EMA in the News
OXCART responds to large-scale animal rescue
Published in the Advertiser Democrat
by Dee Menear - August 1, 2019
REGION — On Tuesday, July 23, more than 100 animals were rescued from R-N-D Kennels in Solon after Maine Animal Welfare authorities determined the animals were in need of urgent care. The kennel, located at 196 Rowell Mountain Rd., was in the business of breeding rough-coat collies but cats, chickens and horses were also seized by agents executing a search warrant.
The animals were removed from the property and sent to undisclosed locations.
The rescue set in motion a coordinated response from local, state and national agencies and organizations, including Oxford County Animal Response Team, or OXCART.
“We are an all-volunteer team that works with emergency management, said Shirley Boyce, OXCART shelter coordinator. “We are called that out when a disaster might affect a large number of people who have pets. We do smaller responses, too. If there is a need, we are flexible as to what we do.”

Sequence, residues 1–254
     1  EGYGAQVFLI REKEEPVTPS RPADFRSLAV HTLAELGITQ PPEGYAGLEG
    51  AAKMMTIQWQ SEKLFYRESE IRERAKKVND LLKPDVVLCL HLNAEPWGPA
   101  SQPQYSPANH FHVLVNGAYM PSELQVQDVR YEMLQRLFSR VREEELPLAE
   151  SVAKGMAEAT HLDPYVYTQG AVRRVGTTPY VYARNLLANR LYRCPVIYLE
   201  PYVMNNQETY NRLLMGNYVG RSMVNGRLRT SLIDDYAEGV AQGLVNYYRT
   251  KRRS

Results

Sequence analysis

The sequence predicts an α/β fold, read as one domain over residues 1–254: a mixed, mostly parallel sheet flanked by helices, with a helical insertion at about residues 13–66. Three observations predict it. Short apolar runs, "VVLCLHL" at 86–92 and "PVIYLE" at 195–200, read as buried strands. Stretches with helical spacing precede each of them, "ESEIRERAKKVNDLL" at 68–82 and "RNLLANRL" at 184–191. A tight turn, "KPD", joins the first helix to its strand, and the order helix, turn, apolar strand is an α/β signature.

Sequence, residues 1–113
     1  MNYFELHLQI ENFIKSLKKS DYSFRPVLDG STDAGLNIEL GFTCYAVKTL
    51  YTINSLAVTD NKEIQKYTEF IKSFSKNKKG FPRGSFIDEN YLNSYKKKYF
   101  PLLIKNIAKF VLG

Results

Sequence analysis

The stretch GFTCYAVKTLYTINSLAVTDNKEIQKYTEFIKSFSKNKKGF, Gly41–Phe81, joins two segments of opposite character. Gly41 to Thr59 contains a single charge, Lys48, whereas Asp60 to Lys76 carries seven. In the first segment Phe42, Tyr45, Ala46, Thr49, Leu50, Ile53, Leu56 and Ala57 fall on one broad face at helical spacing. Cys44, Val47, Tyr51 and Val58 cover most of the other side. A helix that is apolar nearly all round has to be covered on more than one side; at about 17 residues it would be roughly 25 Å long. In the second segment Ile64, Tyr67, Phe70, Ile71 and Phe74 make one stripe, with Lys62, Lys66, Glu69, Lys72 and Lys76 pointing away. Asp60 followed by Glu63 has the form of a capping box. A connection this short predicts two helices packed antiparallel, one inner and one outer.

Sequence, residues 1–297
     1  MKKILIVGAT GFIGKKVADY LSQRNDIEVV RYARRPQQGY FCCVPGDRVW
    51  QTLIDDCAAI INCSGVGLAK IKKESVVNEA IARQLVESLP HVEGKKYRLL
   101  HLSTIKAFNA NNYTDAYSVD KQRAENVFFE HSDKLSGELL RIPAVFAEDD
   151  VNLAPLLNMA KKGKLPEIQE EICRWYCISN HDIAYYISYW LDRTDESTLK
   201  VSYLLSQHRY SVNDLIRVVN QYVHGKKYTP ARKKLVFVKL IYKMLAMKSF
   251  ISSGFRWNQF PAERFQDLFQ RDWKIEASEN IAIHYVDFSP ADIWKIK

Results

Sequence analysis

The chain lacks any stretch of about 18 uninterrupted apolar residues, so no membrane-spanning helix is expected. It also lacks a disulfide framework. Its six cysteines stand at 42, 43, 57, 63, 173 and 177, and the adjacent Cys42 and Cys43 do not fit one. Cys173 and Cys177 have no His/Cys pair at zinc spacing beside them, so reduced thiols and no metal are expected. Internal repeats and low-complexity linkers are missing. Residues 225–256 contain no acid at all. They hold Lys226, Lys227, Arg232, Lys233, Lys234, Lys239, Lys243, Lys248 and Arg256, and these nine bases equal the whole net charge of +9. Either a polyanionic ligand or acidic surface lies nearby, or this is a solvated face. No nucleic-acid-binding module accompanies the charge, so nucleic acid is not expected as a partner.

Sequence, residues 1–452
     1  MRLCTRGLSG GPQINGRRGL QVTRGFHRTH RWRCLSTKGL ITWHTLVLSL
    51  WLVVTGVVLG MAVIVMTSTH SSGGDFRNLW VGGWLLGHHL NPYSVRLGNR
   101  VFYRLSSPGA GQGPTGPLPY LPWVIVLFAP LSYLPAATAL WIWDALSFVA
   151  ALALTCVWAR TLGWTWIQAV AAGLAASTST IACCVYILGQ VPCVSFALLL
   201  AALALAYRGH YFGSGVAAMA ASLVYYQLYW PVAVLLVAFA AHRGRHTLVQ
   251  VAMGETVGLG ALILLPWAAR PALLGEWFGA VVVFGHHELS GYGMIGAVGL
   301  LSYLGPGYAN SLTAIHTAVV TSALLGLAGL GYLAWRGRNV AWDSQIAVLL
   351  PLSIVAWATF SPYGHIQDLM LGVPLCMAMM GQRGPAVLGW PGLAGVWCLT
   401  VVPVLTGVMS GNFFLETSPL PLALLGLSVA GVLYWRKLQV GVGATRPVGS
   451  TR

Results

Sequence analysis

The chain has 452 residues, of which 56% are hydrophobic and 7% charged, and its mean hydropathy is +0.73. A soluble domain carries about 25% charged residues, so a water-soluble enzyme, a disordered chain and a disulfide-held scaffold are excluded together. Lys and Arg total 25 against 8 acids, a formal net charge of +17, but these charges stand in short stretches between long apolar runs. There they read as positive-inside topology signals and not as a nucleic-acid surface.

For instance, OXCART responded to a fire at Oxford Meadows Apartments, Oxford in 2016. The team set up a shelter for the pets of displaced residents, recovered animals from the scene, and then gathered food and supplies for pets once residents were moved into temporary housing. Allyson Hill, Oxford County Emergency Management director said the team also assists other agencies. “As an example, the team has helped with two different horse rescues,” she added.
“Thankfully, there are not a lot of disasters in Maine,” Boyce said.
Under the Pet Evacuation and Transportation Standards Act, which was signed into law in 2006, state and local emergency management agencies must have plans for the accommodation of pets. The inspiration for the PETS Act came from events during and after Hurricane Katrina, where inadequate emergency plans often forced people to abandon their pets or stay with them in a dangerous situation.
“Would you leave your pet in a situation like that? I know I wouldn’t be able to. I know a lot of people wouldn’t be able to,” Hill said. In the event of a disaster, OXCART has a service trailer filled with cages and other supplies needed to set up a temporary pet shelter at designated Red Cross emergency shelters, such as a school. The temporary shelter equipment comes through the Federal Emergency Management Agency and is purchased with grants, Boyce said.